Guide to listed buildings
What is a listed building?
A listed building is a building of special architectural or historic interest that is considered important enough to protect. Once identified, these buildings are recommended to be included in a statutory list, which is compiled by the Secretary of State for Culture, Media and Sport.
Most people will be familiar with listed houses and churches, but a great variety of other buildings and structures can be protected through listing, including barns, milestones, bridges and railway stations.
Why are buildings listed?
Buildings are listed so that all of our architectural heritage can be protected, from a large stately home to a humble cottage. This is achieved through the planning process. If anyone wants to alter, extend or demolish a listed building, they must first seek Listed Building Consent. Listing a building does not mean it has to be preserved for all time as it is, but the Listed Building Consent process does mean all proposed changes can be scrutinised carefully to make sure they respect the character and special interest of the building.
When are buildings listed?
When considering a building for listing, the criteria are:
- Architectural Interest – where the building is important because of its architectural design, decoration or craftsmanship, or is a good example of a building type or technique, or it has a significant plan form
- Historic Interest – where the building illustrates important aspects of the nation’s social, economic, cultural or military history, or it has close associations with nationally important people
- Group Value – where taken together, a group of buildings make up an important architectural or historic whole, eg. terraces, squares, model villages)
Age and rarity are also important considerations. All buildings built before 1700, and contain a significant proportion of their original fabric, are listed. Most buildings built between 1700 and 1840, that have not been drastically altered, are listed. Only buildings constructed after 1840 that have a definite character and quality are listed. Buildings less than 30 years old are listed only if they are of outstanding quality and under threat.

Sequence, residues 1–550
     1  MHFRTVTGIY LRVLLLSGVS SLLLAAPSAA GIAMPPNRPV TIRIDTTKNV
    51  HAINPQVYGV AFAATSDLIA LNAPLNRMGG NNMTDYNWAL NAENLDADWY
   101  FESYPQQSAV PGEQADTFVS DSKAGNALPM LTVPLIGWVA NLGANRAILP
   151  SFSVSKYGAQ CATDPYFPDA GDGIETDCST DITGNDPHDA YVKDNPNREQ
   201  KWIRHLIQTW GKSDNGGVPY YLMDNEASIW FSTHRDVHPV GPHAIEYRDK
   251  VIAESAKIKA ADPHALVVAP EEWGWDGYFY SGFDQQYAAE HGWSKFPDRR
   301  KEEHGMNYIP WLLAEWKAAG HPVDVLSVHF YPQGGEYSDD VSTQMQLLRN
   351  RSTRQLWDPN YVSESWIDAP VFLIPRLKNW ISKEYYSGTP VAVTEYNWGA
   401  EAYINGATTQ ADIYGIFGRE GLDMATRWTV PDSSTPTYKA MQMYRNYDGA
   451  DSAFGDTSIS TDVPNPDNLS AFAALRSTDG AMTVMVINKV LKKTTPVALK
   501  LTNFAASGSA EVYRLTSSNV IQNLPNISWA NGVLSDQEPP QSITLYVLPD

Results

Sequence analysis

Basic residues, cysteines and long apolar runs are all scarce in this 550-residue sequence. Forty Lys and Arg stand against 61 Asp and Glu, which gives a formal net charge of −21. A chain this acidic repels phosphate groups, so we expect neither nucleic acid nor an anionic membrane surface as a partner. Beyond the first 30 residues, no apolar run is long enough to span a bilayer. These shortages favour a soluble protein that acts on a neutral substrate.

Grades of listed buildings
Listed buildings are graded to reflect their relative architectural and historic interest as follows:
- Grade I buildings are of national interest
- Grade II* buildings are of more than regional interest
- Grade II buildings are of special regional interest, warranting every effort to preserve them
In practice, about 95% of listed buildings are Grade II.
How much of the building is listed?
When a building is listed, the listed status always covers the whole building, inside and outside. This includes any fixtures or fittings attached to the building, for example fireplaces and staircases, machinery and millwheels.
This means, if an extension is added, it automatically becomes part of the listed building, even if it is modern.
It also includes any building in the ‘curtilage’ / grounds built before 1948 for a purpose supporting the main dwelling and in the same ownership at the date of listing - this would usually include barns, stables, old garden walls and gates.
What is Listed Building Consent?
If you wish to demolish, alter or extend all or part of a listed building in a way that affects its character, you must first apply to North Devon Council for ‘Listed Building Consent’. Depending on the type of work you wish to do, you may also need separate Planning Permission and Building Regulations approval. There is no fee for Listed Building Consent, but there will be for the other types of permission. To find out more or get advice, please contact us. It is important to remember that it is a criminal offence to alter, extend or demolish a listed building without consent, and the penalties can be heavy.
What type of work needs Listed Building Consent?
We list buildings to protect the historic and architectural significance of them. This means any work impacting the character of the building, such as the below, must usually have ‘Listed Building Consent’ before the works start (and sometimes planning permission too):
- changing the materials of walls, wall coverings (plaster and render, not wallpaper), rainwater goods and roofs (including the type of thatch)
- any extensions or demolitions
- rebuilding of any chimney stacks
- replacement of any windows or doors
- alterations to staircases, fireplaces, doors, architraves, historic panelling and cupboards, historic floor surfaces, wall and ceiling finishes, ceiling beams, floorboards, roof structures, cornices, ceiling roses and historic decorative plasterwork and joinery features
- the complete removal of thatch
- alterations to certain fixtures and fittings (including: water pumps, machinery, mill wheels, fly wheels, columns, steps, railings, balconies)
It is a criminal offence to undertake works without this consent and we can prosecute the perpetrator, and / or take enforcement action to the current owner to make good any harm caused (so, if purchasing a listed building, it is sensible to check whether any unauthorised works have been carried out).
There are some changes do not generally need this consent, such as:
- decorating and repairs in like materials, such as repointing, rendering or plastering in lime